The 1st West Virginia was the first regiment to attack. They managed to get past the skirmish line with great difficulty and casualties, only to be hit by musket and artillery fire from Confederate units that nearly surrounded them. They were almost trapped in the field of fire before managing to cut their way out. Both the 5th New York and 18th Pennsylvania then attacked but were quickly repulsed.
Despite this setback, Kilpatrick ordered Farnsworth to send in his last regiment, the 1st Vermont. Captain A.C. Parsons of the 1st Vermont remembered the exchange between Kilpatrick and Farnsworth:
Farnsworth spoke with emotion: “General, do you mean it? Shall I throw my handful of men over rough ground, through timber, against a brigade of infantry? The First Vermont has already been fought half to pieces; these are too good men to kill.” Kilpatrick said “Do you refuse to obey my orders? If you are afraid to lead this charge, I will lead it.” Farnsworth rose in his stirrups — he looked magnificent in his passion — and cried , “Take that back!” Kilpatrick returned his defiance, but soon repenting, said “I did not mean it; forget it.” For a moment there was silence, when Farnsworth spoke calmly, “General, if you order the charge, I will lead it, but you must take the responsibility.”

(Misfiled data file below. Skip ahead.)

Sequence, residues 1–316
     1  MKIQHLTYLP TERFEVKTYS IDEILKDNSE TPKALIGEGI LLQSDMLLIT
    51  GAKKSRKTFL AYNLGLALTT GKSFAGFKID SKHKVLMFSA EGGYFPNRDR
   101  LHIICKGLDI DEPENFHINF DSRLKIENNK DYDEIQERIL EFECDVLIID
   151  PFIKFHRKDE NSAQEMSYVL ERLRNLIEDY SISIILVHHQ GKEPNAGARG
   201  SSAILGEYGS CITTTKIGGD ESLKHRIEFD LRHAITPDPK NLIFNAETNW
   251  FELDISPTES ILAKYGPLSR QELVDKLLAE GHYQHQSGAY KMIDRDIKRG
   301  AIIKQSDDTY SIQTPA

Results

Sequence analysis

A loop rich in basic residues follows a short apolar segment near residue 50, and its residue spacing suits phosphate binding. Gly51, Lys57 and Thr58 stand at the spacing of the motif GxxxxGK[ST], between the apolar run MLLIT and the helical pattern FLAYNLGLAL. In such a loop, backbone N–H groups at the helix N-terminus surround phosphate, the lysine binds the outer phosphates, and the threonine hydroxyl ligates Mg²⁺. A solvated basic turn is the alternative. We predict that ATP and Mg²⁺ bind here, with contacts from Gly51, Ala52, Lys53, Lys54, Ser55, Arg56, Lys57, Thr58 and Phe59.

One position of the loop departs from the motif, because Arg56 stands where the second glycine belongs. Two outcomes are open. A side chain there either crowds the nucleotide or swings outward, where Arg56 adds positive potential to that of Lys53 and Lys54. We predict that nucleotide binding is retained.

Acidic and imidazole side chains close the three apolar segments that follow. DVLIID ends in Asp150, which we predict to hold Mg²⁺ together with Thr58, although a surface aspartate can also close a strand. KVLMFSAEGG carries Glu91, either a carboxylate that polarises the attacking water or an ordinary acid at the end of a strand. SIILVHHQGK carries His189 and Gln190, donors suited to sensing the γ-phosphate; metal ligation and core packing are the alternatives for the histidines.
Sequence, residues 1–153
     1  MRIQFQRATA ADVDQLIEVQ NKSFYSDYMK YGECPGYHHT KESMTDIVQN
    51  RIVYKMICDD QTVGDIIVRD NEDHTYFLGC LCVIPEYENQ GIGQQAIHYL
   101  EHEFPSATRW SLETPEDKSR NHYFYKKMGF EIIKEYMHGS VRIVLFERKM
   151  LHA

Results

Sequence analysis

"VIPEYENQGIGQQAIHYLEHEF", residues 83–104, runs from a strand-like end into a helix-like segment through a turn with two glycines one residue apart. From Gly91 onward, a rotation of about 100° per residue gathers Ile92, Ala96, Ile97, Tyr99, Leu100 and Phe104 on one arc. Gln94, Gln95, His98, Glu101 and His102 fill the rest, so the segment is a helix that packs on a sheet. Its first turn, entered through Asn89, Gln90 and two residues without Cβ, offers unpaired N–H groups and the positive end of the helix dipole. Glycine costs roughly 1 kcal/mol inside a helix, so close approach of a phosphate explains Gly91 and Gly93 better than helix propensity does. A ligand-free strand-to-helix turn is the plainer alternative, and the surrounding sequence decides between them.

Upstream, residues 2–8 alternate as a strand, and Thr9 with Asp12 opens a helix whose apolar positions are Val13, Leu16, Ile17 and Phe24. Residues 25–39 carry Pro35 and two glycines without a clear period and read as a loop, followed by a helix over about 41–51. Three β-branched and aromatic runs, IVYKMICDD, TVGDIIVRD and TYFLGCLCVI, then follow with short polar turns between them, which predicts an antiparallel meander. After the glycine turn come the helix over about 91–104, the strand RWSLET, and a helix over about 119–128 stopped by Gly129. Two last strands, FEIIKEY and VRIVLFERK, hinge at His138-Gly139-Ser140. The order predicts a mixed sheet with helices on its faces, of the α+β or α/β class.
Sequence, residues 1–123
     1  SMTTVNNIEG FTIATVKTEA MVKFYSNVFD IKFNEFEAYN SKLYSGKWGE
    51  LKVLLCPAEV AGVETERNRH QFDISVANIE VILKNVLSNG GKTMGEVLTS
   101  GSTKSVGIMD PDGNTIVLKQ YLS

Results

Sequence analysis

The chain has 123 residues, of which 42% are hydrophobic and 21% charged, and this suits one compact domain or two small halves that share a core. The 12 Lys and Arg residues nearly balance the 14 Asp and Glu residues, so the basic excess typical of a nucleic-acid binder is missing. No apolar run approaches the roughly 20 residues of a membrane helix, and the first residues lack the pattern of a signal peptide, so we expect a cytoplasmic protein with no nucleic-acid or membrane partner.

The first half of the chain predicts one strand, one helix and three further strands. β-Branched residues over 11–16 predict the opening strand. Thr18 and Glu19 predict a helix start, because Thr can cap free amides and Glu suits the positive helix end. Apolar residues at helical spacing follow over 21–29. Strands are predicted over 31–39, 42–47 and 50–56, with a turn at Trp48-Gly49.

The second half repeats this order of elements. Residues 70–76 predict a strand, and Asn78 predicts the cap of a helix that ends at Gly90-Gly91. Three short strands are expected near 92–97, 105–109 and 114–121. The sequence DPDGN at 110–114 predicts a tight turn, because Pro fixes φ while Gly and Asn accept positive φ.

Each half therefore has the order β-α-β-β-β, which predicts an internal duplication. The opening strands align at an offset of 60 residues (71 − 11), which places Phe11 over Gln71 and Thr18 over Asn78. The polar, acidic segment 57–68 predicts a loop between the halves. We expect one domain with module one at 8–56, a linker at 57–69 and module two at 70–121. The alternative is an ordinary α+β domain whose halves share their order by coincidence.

The two conversed quietly, ending with Farnsworth agreeing to obey his orders and Kilpatrick accepting the responsibility for the consequences.
Farnsworth divided the 1st Vermont into three battalions of four companies each. Captain Parsons would lead the 1st battalion and Major William Wells commanded the 3rd battalion. Those two would make the charge, while the second battalion remained dismounted and would fight in support of the others. Farnsworth would ride with Wells’ battalion. Meanwhile, Evander Law moved the 9th Georgia Infantry east from the Emmitsburg road and repositioned the 4th Alabama Infantry down from the slopes of Big Round Top. When the Vermonters broke through the 1st Texas skirmish line, they would be caught in a crossfire from all directions.